Thursday, 14 February 2008
A few of my favorite things
I love books, reading, and good causes, not necessarily in that order. And today (I like to think it's to make up for the stomach-turning dreck being churned out by corporations desperate to make me buy something chocolate and/or shiny and/or red and/or disgustingly tacky before nightfall) the internet has given me all three. Internet, I love you.
I spent a lot of time reading when I went to my grandparents' houses when I was younger - especially when I reached the age where I was too young to be welcomed into the adults' conversations, and too old to find playing with my siblings or cousins entertaining for very long. For some reason, my favorite place to read was on the stairs. I don't really know why. Maybe because both my grandparents' houses had out-of-the-way staircases that weren't heavily trafficked, where I could reliably go mostly undisturbed without entirely separating myself from everything else going on. Whatever the reasons, I spent a lot of time tucked away on the stairs, reading.
I would've thought I was in heaven if I'd had a staircase that was a library at the same time:
(more pictures here, and a hat tip to 50 Books)
What generates even more bookish happiness, though, is the announcement that the Dewey Donation System, after a hiatus last year, will be launching its 2008 book drive on Monday, 18 February. Dewey got its start five years ago as a humble little book drive on Pamie.com and just grew and grew. I think I discovered it during the post-Katrina drive in 2006, and following the updates and the thank you letters from the librarians was amazing. I may just spend the weekend reading about past book drives as I wait to hear about this year's, and whether there's something my very broke self can contribute.
Thursday, 8 November 2007
What do you know...
My blog provider and my wretched dial-up connection decided to cooperate today. Well, I'm assuming they did. The proof will be in what happens after I hit the "Post" button, but usually I can't even get to the post entry page, so this is encouraging.
Wish it had happened on a day when I actually had something I wanted to say.
I haven't even read anything recently that's stuck with me all that strongly. No, I take that back. Pamie.com has recently come back to life with some great posts, and links to other striking TV writers' blogs, that explain the writers' strike from the writers' perspective. Among other things, the writers explain why they think it's important to garner broad-based support for union action, especially in a business environment that's grown so hostile to unions. I'd barely paid attention to the strike myself, since I don't watch much TV at all, but Pamie and the other writers have persuaded me that I should be, and their accounts of days on the picket line are eye-opening.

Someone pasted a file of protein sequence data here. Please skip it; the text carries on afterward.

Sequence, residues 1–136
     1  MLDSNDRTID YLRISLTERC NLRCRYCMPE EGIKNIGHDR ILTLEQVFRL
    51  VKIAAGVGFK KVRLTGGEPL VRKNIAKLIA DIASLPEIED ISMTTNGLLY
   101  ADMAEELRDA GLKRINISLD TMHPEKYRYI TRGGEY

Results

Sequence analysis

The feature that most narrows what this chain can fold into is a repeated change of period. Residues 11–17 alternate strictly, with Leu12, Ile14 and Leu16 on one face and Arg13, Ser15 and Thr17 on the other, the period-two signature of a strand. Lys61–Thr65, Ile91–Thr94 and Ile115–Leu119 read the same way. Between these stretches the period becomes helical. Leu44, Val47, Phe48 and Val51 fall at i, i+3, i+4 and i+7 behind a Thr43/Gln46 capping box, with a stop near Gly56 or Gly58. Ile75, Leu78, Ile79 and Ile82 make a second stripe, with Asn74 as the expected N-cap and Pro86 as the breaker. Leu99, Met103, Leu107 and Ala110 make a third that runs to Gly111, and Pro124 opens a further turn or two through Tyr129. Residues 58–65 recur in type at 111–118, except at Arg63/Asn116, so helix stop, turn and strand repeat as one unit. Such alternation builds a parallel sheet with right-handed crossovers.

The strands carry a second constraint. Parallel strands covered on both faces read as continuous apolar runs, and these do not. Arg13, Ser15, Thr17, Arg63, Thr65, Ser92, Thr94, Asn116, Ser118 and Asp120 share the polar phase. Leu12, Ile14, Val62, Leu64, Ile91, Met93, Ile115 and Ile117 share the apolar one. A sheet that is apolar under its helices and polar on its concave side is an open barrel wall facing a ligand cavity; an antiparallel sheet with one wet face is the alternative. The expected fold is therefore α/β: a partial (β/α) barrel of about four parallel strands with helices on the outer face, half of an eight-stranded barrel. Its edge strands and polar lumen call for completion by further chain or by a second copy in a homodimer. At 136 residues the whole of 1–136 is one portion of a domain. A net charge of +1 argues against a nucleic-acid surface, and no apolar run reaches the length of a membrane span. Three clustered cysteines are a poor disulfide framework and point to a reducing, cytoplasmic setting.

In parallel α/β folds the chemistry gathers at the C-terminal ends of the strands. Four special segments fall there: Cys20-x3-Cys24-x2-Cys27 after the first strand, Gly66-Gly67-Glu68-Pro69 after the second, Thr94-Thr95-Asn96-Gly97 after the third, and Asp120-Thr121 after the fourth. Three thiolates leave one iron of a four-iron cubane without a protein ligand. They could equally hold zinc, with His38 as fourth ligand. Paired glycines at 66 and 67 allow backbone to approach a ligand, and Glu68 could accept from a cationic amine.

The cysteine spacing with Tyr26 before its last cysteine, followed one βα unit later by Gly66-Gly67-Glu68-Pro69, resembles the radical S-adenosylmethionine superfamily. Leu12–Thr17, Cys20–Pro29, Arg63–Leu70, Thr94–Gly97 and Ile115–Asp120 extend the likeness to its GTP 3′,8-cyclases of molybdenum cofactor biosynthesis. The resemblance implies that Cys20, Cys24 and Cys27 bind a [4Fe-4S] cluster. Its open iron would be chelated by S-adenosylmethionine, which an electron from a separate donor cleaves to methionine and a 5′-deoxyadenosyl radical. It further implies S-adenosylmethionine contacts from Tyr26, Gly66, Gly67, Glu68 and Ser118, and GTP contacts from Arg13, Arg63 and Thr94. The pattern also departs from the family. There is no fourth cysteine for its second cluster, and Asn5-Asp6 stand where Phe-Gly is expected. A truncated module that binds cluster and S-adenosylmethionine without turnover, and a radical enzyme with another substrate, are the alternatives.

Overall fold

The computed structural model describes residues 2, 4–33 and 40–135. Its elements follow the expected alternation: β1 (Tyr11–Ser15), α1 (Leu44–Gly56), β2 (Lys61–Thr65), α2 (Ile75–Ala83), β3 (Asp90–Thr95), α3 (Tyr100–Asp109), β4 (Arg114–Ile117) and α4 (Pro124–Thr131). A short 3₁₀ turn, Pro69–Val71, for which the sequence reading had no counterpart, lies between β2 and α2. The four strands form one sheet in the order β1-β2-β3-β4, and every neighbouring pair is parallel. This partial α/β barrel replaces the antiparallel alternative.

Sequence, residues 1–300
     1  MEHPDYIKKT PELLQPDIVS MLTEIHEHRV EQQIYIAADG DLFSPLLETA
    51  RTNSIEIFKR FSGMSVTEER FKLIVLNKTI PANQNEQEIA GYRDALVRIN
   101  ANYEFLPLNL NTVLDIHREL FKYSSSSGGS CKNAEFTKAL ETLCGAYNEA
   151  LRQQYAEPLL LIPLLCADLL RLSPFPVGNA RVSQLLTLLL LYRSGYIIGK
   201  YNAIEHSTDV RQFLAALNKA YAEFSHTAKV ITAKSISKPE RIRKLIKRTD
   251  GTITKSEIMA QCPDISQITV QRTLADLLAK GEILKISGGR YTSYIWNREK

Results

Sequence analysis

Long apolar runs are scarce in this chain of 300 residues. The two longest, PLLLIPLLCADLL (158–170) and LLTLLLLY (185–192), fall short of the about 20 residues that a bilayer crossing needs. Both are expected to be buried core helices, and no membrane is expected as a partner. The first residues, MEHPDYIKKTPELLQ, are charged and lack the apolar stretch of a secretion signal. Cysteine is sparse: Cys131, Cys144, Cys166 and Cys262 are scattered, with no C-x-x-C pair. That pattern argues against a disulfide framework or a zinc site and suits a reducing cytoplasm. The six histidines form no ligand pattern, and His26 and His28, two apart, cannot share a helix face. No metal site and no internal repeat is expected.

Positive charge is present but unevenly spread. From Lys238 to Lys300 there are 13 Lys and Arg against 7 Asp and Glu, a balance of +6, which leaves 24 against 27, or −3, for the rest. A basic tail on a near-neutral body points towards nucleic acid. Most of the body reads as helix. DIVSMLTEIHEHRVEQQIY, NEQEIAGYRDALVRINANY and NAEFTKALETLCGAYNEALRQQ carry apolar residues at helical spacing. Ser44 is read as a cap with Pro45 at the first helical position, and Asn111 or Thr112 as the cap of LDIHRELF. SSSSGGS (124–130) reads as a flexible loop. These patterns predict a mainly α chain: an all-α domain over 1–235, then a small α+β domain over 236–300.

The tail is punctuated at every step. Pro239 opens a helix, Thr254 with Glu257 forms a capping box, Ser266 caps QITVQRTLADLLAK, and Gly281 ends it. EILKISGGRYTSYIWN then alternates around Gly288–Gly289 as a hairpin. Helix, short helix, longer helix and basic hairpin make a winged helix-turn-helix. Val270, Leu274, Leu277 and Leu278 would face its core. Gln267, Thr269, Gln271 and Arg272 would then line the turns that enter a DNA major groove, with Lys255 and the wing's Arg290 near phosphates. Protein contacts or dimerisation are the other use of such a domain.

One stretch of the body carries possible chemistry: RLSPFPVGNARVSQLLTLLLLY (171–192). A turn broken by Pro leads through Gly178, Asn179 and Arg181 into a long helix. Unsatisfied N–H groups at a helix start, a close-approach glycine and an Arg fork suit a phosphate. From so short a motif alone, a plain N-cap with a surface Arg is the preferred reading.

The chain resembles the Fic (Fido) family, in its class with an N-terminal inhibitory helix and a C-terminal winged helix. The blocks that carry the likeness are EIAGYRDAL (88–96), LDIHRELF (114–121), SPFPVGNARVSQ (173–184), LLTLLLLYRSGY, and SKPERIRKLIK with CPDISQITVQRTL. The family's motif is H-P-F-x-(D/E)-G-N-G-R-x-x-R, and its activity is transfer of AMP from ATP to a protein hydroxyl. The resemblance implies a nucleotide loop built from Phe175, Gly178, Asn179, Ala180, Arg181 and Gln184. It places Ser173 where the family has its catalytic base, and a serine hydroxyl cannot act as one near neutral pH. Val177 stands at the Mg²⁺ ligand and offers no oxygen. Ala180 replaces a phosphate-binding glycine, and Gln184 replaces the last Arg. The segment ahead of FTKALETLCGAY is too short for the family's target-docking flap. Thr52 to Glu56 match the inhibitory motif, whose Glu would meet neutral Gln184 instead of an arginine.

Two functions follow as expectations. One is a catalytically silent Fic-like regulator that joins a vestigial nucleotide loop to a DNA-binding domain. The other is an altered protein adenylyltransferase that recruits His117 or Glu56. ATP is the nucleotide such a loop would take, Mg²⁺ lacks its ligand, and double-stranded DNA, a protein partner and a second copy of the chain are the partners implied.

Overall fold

Wednesday, 20 June 2007
Hello, my half-dozen readers. Have you missed me? Unfortunately, my recent switch to dial-up (since I moved into my own place) seems to be playing havoc with my ability to access this site. So posts are likely to be few and far between until I can afford faster service. Wish me luck on the job hunt!
Sunday, 21 January 2007
This response to a Metafilter post about the added r's that crop up in certain English (including the UK, American regional and Australian) accents made me laugh until my stomach hurt. It's so true. This is just one reason why it's useless for an all-American team to bother with pub trivia here.
Monday, 20 November 2006
Losing all sense of time
I've tried, since I've started this blog, not to go more than a week without posting, just so my half-dozen loyal readers (lovely, fabulous, wonderful people, all of you) will know that I haven't disappeared from the face of the earth or completely lost my mind under thesis pressure. But lately I'm finding it hard to remember when I last posted because time either flies or crawls and either way, I've lost track of it completely. I couldn't believe it when I checked the date of my last post today and realized that it was just last weekend I was in Sydney. It feels like it was ages ago. I may as well not even have gone, my memories of it are so hazy at the moment.
Yes, my entire life is disappearing into the thesis vortex. I know that complaint has appeared in this space before. But it bugs me so much. I can't seem to retain information that isn't about my thesis, even when I'm out trying to relax it's there in the back of my brain, and I realised this weekend that I have no idea what I'm going to do with myself when I'm done with it. I don't know if I'll be relieved, or if I'll collapse under the weight of all that time without any projects or deadlines whatsoever. An endless vista of days with nothing required of me. I don't know if it's a dream, or a horror show waiting to happen. A question I'm possibly beginning to hate more than 'How's your thesis going?' is 'So, what are you going to do after this?'
As for how my thesis is going . . . well, it is going, so that's something, at least. I think I have a better idea what to do with the second chapter, but it still needs a lot of work, and I'm just not thinking about the third one right now. It's still evolving, which I'm a little concerned about. It seems like if I'd done this right, I'd be pretty clear by now on what I'm trying to say and what should be in my thesis, not still figuring it all out. But it's getting there. I think. I hope.
Saturday, 14 October 2006
Culcha 'n stuff
As a part of my effort to not be focused on my thesis to the point of complete and total dullness (and because by the end of the day Friday I was so wrung out I couldn't have worked if I'd wanted to) I actually did something non-academic and entertaining last night. I was still home by midnight, but it was something, at least.